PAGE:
In 2010, the Affordable Care Act passed, and in 2011 was significantly modified by a Supreme Court decision. In 2012, the first features of Obamacare were felt and by 2014 the exchange marketplaces, tax subsidies and insurance regulations seriously changed health care availability and financing. But if one thought those were rapid changes, this year has shown that we may get whiplash from proposed further changes.
The Republican American Health Care Act (ACHA) was presented earlier this year, and pulled within two weeks. It was clear it was much too generous for the GOP Freedom Caucus. But the truth was also that this Republican replacement to Obamacare was so bad that it would not have passed the Senate even if it had garnered the 216 Republican House votes needed for passage. Only 17 percent of U.S. citizens viewed the ACHA positively, likely because it would have given a trillion dollars in tax cuts for high-income Americans, resulted in 24 million unable to get coverage, decreased Medicaid support for the elderly and poor, and greatly increased the cost for older (50-64) aged purchasers.
There have been any number of discussions on how to improve the ACA (Obamacare) without making American health care worse. Most include funding the risk-mitigation tools in the original ACA, strengthening the incentive for continued coverage, and re-examining the support for families being hit with increases in premiums so that the net cost is not increasing more rapidly than health care cost inflation. Many, including business leaders, have even resumed a push for a more centralized approach, either a “Medicare for all” single system or single payer.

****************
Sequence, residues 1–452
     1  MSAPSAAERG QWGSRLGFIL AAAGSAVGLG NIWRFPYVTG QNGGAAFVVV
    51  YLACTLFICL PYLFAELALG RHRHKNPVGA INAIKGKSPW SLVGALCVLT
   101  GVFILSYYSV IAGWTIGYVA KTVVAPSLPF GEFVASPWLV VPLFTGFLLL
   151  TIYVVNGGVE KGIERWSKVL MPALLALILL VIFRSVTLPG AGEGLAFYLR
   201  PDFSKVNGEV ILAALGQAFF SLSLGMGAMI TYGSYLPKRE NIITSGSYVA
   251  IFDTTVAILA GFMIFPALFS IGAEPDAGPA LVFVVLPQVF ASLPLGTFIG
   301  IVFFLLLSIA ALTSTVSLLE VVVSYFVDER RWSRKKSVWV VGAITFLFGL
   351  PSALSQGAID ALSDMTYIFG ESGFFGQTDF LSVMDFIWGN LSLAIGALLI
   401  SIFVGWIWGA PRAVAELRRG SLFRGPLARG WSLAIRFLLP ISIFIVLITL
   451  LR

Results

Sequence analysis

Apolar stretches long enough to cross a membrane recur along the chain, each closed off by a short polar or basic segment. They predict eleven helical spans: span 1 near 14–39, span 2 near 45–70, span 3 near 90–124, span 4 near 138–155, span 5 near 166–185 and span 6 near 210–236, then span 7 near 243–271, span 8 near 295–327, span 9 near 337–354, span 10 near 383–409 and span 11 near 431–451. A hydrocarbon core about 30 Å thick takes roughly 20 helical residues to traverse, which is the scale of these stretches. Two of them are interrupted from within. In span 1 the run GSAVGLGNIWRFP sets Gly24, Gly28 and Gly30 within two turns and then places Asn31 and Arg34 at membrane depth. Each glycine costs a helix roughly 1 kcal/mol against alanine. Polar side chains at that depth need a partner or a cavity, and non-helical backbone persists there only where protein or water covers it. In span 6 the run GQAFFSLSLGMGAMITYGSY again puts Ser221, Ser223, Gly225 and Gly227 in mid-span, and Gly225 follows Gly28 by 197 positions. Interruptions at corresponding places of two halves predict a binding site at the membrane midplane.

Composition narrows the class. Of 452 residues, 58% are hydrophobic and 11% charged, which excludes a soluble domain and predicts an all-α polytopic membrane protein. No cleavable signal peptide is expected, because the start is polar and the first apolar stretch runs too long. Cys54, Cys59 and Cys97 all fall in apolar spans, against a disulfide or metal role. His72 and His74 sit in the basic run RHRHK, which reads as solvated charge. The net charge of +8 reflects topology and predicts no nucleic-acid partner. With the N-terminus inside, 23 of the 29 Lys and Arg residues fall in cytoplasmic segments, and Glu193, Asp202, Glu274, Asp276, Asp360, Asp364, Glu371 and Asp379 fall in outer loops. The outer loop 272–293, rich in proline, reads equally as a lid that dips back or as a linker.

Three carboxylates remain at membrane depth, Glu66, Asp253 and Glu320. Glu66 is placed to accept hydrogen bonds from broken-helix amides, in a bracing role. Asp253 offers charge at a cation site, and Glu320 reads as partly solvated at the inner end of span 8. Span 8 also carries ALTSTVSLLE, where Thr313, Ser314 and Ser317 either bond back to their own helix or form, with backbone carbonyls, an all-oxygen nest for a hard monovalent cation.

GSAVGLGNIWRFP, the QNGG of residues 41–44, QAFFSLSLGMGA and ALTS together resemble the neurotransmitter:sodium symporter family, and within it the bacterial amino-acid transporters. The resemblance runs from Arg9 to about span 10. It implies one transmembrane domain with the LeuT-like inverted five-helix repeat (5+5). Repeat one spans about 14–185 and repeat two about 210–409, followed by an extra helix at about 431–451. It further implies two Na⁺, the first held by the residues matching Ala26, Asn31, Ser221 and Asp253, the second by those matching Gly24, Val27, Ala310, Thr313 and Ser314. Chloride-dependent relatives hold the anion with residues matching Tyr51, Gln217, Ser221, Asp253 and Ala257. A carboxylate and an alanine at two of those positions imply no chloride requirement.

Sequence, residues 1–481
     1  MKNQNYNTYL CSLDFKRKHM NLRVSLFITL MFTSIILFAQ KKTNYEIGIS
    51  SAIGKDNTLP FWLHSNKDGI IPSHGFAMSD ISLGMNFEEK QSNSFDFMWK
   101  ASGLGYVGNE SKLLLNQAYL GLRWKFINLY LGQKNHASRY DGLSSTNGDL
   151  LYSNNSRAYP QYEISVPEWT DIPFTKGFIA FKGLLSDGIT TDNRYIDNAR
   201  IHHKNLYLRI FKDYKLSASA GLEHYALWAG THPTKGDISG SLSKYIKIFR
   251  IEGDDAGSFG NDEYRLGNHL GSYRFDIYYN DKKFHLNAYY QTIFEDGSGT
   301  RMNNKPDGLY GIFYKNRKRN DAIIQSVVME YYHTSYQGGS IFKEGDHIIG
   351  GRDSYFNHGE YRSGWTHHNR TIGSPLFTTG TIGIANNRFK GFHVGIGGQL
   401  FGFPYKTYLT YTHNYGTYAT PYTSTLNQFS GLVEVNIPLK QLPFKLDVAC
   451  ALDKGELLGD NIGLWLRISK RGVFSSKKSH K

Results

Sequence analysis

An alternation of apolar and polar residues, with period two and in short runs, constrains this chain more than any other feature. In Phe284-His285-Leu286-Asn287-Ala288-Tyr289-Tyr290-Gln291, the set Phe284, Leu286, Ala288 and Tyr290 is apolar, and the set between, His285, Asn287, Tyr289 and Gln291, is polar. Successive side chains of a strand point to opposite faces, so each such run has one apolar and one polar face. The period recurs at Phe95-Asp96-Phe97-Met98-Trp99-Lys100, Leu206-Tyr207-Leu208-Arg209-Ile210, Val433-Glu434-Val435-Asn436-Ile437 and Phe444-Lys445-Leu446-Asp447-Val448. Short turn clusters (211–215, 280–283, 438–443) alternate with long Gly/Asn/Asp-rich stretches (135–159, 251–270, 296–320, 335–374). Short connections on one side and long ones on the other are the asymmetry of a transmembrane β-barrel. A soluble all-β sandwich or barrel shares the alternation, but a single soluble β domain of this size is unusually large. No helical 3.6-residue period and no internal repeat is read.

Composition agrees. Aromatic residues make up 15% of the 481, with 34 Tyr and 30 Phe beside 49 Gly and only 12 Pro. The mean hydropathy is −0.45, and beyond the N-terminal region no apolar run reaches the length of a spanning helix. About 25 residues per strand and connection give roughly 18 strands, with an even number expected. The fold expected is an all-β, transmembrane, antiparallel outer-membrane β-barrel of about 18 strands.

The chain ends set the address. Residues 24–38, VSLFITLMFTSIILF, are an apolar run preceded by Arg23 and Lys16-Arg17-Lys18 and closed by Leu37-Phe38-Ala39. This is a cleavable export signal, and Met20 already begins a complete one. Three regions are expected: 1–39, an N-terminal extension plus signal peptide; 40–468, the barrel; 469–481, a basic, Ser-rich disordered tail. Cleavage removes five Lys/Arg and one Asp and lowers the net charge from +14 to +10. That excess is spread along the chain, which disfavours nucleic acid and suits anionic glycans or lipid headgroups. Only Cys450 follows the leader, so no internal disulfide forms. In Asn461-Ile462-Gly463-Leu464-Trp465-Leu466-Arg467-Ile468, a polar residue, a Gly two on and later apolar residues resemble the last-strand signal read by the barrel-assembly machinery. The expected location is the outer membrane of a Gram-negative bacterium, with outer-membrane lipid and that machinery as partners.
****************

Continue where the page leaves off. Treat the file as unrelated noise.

I was not surprised, however, to hear earlier this week that the White House and House Speaker Paul Ryan chose a different path. It seems that they decided to give in to the far right and try to get the Freedom Caucus on board by decreasing the baseline essential benefits, by allowing pricing (underwriting) for additional factors including health history, and allowing easy waivers from other requirements of the ACA. Here is a link to a more in-depth analysis. (http://tinyurl.com/lnrqoe8)
One doesn’t need to be a health care expert to appreciate that this proposal will be even more harmful. While allowed to buy insurance coverage, those with existing illnesses or even only at risk for illness would only have plans with scanty coverage (imagine a plan without pharmacy or chemotherapy benefits) or be prohibitively expensive.
What makes this move even more curious is that a bill needs to pass both the House and the Senate. The more benefits are dismantled and the more Trump/Ryancare 2.0 decreases the value of health insurance, the fewer “moderates” will be on board, and the further it gets away from the votes needed for Senate passage.
I am really interested to see the Congressional Budget Office assessment of this try. Hopefully Congress will listen to the CBO and the vast majority of Americans who are asking for a fix, not a repeal, and who deserve something better than Trump/Ryan Care.
John Rusche, M.D., is a former Board Certified pediatrician, health plan medical executive, and Idaho House minority leader, 2009-2016. He is currently retired in Lewiston.